Residence Time Distribution in Gravity Oil-Water Separations
- B. Zemel (Shell Development Co.) | R.W. Bowman (Oilwell Research, Inc.)
- Document ID
- Society of Petroleum Engineers
- Journal of Petroleum Technology
- Publication Date
- February 1978
- Document Type
- Journal Paper
- 275 - 282
- 1978. Society of Petroleum Engineers
- 5.3.2 Multiphase Flow, 5.2 Reservoir Fluid Dynamics, 5.6.5 Tracers, 4.1.2 Separation and Treating, 4.1.5 Processing Equipment
- 2 in the last 30 days
- 442 since 2007
- Show more detail
- View rights & permissions
|SPE Member Price:||USD 5.00|
|SPE Non-Member Price:||USD 35.00|
An investigation was conducted of the hydraulic characteristics and effectiveness of commonly used oilfield oil-water separators. Measurements were made in a number of separators by injecting a radioactive tracer using a pulse technique. Residence time distributions were calculated to deduce the hydraulic characteristics of the separators, and these were compared with the effectiveness of the separator operations.
The principal method used for separating oil from water in oil production operations is gravity separation. Although simple differences in density are often adequate, gravity commonly is assisted by the use of gas flotation, heat, chemicals, and high-surface-area coalescer sections. These separators come in many different mechanical configurations. Despite this variety in design and configuration, there are remarkably few engineering criteria for properly designing such separators. A notable exception to this is the "API separator," widely used to separate free oil from refinery and chemical-plant waste waters. The design principles' of this separator are based on a 3-year study instituted at the U. of Wisconsin in 1948. A significant part of this study consisted of determining the hydraulic characteristics of the separator by using tracer response techniques. The data obtained from this study, however, apply only to the specific mechanical configuration of the rectangular API separator and free oil (droplet size above 150 microns). A 1956 survey of some circular oil-water separators suggested that, while they often appear to work, "a rational design procedure had not yet been developed." This applies procedure had not yet been developed." This applies even more to the cylindrical oil-water separators so widely used in oilfield separation, particularly to those separators with ratio of width to length approaching unity.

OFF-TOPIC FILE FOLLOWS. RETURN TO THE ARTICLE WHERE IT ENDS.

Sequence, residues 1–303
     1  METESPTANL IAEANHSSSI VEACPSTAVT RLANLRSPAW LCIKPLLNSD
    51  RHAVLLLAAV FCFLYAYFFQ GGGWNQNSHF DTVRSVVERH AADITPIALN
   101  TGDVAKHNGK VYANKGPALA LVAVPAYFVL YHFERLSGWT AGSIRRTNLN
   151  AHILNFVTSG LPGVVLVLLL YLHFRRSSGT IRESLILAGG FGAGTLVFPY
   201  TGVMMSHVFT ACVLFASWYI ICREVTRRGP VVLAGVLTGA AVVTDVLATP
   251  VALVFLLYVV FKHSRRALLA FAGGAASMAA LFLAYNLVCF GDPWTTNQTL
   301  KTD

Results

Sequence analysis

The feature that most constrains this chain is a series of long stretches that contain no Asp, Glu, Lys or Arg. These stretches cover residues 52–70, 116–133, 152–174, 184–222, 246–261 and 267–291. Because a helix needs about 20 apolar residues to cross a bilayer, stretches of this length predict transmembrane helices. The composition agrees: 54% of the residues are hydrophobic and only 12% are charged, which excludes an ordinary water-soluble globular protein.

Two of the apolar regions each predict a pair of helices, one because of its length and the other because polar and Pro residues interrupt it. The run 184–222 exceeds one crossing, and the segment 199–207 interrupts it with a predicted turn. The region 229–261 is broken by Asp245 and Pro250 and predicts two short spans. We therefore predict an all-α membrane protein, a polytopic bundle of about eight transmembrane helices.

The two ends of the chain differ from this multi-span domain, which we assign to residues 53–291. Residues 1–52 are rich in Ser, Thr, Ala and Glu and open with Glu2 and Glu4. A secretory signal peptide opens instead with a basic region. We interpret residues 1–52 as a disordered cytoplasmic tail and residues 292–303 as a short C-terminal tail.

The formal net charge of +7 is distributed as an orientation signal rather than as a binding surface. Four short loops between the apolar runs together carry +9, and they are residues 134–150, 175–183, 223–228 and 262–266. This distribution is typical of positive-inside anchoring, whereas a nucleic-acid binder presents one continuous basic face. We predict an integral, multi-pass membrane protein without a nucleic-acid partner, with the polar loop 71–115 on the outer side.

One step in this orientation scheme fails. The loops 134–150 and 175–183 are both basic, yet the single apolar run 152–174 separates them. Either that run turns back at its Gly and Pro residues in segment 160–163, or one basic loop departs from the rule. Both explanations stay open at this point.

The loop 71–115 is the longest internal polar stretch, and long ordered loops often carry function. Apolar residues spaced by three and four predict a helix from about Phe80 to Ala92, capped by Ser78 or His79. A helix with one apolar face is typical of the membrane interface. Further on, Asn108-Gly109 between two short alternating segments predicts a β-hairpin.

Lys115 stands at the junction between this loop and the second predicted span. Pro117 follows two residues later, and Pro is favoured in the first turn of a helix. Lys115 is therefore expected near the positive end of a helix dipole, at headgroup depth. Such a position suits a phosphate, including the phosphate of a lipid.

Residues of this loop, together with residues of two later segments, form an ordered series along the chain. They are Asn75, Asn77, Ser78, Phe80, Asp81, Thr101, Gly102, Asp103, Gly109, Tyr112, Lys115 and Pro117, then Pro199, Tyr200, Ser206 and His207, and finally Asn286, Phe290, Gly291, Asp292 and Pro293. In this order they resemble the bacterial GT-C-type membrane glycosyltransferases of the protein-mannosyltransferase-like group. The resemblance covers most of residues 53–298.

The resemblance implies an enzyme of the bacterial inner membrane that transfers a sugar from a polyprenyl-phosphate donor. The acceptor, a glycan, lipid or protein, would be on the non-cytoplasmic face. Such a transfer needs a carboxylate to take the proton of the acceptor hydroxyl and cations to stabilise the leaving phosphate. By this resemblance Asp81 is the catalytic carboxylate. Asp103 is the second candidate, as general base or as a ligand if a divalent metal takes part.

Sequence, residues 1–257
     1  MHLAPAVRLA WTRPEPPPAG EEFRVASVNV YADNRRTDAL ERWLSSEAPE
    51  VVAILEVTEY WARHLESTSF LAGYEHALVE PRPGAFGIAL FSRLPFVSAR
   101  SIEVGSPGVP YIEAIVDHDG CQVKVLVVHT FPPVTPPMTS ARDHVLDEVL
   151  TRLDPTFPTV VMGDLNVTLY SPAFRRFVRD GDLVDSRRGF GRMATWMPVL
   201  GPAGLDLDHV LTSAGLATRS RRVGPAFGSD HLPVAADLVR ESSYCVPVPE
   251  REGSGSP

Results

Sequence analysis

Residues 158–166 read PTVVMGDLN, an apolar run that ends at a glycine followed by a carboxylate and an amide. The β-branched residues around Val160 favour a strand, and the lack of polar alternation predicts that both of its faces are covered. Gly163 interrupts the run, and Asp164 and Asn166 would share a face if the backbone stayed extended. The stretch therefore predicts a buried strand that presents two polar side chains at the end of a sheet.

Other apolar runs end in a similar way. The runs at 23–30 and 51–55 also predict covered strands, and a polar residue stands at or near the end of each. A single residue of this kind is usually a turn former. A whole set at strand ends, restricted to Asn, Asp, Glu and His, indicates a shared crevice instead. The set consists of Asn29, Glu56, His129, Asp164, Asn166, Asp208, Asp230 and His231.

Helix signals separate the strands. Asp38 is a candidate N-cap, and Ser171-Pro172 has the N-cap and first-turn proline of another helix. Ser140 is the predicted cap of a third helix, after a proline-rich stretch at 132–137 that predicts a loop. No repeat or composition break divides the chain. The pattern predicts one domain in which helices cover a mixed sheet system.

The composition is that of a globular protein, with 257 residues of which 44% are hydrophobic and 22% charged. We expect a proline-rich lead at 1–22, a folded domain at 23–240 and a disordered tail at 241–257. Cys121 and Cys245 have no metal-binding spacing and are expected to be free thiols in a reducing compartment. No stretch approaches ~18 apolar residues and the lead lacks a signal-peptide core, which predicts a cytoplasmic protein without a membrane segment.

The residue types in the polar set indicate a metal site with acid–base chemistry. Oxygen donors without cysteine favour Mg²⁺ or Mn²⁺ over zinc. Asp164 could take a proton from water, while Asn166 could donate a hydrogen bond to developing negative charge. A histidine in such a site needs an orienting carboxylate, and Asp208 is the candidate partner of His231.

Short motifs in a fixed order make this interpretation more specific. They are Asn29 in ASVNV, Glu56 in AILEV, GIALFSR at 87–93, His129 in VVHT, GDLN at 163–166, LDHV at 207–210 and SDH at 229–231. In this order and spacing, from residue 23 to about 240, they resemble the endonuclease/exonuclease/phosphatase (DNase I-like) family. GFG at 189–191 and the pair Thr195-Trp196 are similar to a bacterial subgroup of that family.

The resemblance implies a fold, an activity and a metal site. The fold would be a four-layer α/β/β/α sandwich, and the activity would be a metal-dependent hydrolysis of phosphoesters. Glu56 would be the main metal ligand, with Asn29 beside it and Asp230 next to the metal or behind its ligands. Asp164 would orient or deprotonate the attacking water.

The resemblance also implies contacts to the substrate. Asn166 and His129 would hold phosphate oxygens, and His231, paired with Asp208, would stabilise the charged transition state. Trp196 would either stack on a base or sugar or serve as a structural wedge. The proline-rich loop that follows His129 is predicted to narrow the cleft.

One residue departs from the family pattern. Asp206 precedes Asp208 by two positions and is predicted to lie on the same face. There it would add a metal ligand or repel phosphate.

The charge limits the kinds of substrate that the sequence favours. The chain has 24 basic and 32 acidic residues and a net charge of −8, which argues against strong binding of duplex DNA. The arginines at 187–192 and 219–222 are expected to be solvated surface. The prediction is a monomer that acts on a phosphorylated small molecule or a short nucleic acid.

As part of our effort to develop a more rational design procedure, the hydraulic characteristics of a number of procedure, the hydraulic characteristics of a number of different oil-water separators used by Shell Oil Co. were measured. These included many different designs and oilfield locations. These measurements were made under operating conditions by injecting a radioactive tracer using a pulse technique. The tracer response was monitored through the walls of the exit pipes by means of suitable detectors. From these data, residence time distributions (RTD's) were obtained, from which the hydraulic characteristics of the separator could be deduced.
This paper defines the terms used in these analyses in accordance with current usage. The principles involved are discussed briefly and the necessary equations are given in terms of our applications. The results obtained from field tracer tests in a number of different separators are described. The tracer injection method has been presented fully in a previous paper and only is described presented fully in a previous paper and only is described here. Ref. 4 also included simplified descriptions of the basic terminology.
Principles and Terminology Principles and Terminology Tracer response data have been used widely to obtain residence time distributions in nonideal systems. These data then can be used to characterize the hydraulic behavior of a given vessel. A large collection of literature on the interpretation of such data is available. Some examples are given in the figures.
A consistent language for expressing hydraulic characteristics in terms of their RTD's first was developed by Danckwerts and extended by Levenspiel, Himmelblau and Bischoff, and others.
|File Size||616 KB||Number of Pages||8|